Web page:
We derive the analytical expression of the dcfs in non-Africans for a null model with no gene flow and compare a series of simulated dcfs for demographic models of both recent admixture and ancient structure. In the simulations, we allow for a variety of demographic histories, including bottlenecks in population size, ongoing gene flow between present-day human populations, population growth in early humans, varying admixture rates, and different rates of ancient gene flow. The shape of the dcfs are observed for each parameter set and compared with the observed non-African dcfs.
The observed dcfs are computed using four modern human populations from the Complete Genomics Diversity Panel (CGDP) and the draft sequence of the Neanderthal genome (Green et al. 2010). Following Green et al. (2010), we chose the Yoruba population (YRI), the Utah residents with European ancestry (CEU), the Japanese (JPT), and the Han Chinese (CHB) from the CGDP to represent the African, the European, and the Asian populations. The Yoruba population is not representative of all the African populations as current African populations are very diverse (Campbell and Tishkoff 2008; Tishkoff et al. 2009). However, the CGDP has several individuals of Yoruba ancestry and like most Africans, the Yoruba population probably had no interactions with Neanderthals. Using these populations, we assess whether the dcfs better supports a demographic history of recent admixture or ancient structure.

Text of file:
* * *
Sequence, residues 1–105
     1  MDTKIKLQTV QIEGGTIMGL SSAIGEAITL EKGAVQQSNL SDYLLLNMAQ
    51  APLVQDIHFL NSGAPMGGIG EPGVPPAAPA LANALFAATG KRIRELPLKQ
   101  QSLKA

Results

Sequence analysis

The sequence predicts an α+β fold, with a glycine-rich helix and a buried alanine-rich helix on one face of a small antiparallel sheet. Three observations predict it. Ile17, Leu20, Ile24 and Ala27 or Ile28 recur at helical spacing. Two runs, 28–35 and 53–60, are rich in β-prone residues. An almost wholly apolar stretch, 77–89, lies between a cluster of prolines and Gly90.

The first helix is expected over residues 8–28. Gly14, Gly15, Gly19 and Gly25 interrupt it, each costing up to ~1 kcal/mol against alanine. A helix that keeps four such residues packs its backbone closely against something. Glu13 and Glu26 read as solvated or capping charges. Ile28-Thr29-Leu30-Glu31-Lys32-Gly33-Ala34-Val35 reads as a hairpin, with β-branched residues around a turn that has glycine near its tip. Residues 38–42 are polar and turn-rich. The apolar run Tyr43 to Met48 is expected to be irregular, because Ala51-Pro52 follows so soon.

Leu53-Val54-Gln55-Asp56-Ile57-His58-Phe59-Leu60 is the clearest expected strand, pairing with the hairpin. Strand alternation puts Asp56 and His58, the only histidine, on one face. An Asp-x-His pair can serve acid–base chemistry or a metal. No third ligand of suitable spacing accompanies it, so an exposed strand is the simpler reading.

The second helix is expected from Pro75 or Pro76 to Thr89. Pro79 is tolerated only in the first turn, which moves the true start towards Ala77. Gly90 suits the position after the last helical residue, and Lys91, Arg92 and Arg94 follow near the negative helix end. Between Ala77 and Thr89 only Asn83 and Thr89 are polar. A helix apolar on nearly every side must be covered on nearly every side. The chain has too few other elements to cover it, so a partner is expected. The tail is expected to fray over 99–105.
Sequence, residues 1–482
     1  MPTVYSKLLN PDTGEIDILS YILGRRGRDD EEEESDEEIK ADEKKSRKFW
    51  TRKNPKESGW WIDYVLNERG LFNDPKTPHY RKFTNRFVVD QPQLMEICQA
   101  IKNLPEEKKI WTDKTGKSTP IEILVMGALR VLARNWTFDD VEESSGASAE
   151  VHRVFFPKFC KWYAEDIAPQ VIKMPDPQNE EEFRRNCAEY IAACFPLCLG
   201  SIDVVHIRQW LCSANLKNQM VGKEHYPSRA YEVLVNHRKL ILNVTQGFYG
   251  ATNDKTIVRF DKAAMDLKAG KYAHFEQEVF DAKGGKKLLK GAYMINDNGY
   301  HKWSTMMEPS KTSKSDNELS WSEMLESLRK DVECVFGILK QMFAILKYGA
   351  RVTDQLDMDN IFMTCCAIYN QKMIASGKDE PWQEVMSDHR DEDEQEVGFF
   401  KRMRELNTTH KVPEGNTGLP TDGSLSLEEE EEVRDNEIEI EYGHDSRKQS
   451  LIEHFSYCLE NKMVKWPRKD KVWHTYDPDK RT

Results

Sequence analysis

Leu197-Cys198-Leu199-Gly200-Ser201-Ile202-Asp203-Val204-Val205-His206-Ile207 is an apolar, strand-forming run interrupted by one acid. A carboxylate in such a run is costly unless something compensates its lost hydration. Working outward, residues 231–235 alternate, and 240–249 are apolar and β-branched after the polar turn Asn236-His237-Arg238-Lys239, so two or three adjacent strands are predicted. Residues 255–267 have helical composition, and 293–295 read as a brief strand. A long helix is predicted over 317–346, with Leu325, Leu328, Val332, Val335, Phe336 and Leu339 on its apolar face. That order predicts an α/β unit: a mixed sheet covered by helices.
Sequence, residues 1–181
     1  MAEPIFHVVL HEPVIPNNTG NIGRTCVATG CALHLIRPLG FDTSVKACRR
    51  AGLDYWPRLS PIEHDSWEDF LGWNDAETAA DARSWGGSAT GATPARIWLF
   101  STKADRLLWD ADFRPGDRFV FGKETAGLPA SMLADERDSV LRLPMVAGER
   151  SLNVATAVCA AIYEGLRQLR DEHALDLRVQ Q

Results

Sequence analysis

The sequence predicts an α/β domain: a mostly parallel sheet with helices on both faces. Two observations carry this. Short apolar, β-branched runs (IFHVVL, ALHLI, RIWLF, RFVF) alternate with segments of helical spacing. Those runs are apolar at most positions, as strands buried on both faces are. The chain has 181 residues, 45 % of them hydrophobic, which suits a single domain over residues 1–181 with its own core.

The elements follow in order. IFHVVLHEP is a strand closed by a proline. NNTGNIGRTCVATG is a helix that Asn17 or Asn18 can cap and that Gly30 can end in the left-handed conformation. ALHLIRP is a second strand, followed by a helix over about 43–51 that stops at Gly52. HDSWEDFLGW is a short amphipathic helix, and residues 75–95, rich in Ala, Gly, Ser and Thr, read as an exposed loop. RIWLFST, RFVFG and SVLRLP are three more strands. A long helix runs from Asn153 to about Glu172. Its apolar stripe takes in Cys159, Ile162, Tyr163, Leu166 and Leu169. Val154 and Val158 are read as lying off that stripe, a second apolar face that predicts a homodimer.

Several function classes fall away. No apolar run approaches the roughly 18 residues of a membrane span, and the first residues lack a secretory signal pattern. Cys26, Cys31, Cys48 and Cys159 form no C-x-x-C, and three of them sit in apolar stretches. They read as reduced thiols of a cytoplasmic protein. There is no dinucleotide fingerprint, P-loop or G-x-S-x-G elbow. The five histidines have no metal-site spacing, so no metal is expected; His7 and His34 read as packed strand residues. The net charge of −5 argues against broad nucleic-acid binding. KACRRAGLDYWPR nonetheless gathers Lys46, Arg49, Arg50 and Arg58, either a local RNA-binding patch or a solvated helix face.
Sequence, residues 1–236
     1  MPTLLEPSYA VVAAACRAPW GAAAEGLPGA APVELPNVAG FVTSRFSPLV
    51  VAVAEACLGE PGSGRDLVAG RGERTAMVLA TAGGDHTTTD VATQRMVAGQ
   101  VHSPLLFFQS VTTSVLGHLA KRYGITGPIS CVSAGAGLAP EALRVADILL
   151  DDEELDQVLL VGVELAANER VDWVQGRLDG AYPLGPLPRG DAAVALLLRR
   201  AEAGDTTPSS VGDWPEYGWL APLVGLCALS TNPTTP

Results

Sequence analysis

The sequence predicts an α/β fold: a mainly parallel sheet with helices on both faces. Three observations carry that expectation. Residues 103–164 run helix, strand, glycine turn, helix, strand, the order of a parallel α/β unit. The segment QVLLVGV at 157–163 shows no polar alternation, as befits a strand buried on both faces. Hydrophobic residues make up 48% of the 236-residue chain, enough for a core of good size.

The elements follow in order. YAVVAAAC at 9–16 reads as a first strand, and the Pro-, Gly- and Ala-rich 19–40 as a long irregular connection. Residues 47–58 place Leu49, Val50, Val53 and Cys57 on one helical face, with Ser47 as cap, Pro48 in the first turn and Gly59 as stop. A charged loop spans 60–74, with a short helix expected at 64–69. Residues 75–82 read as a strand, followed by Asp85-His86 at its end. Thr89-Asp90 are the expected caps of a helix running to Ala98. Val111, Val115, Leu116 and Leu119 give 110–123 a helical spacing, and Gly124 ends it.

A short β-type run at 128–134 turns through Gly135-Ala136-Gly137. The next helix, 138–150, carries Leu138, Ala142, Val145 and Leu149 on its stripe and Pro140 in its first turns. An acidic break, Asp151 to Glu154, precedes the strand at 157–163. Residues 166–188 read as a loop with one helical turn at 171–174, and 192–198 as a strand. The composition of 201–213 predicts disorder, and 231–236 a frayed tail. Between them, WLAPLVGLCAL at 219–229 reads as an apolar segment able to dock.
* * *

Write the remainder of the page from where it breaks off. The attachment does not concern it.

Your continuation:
CGDP and Data Processing
The CGDP data we used consists of 46 individuals from nine populations whose genomes were sequenced to an average 45-fold coverage (Drmanac et al. 2010). We used five CEU, four CHB, four JPT, and seven YRI individuals downloaded from the Complete Genomics, Inc., ftp site (ftp://ftp2.completegenomics.com/) in May 2011. The individuals are listed in supplementary table S1 (Supplementary Material online). Each individual genome was aligned with the reference human genome, hg18. We used the release of the data set version 1.2 (Software version 1.10, File Format version 1.5).
The Neanderthal sequence was obtained by pooling reads from the three Vindija bones (SLVi33.16, SLVi33.25, and SLVi33.26) that were aligned to hg18 (Green et al. 2010). The Neanderthal data were downloaded from the UCSC genome browser (http://genome.ucsc.edu/Neandertal/) in May 2011. Following Green et al. (2010), we used only sites with a mapping quality score of at least 90, a sequence quality higher than 40, and a coverage of at most two since the average coverage of the draft genome was 1.3.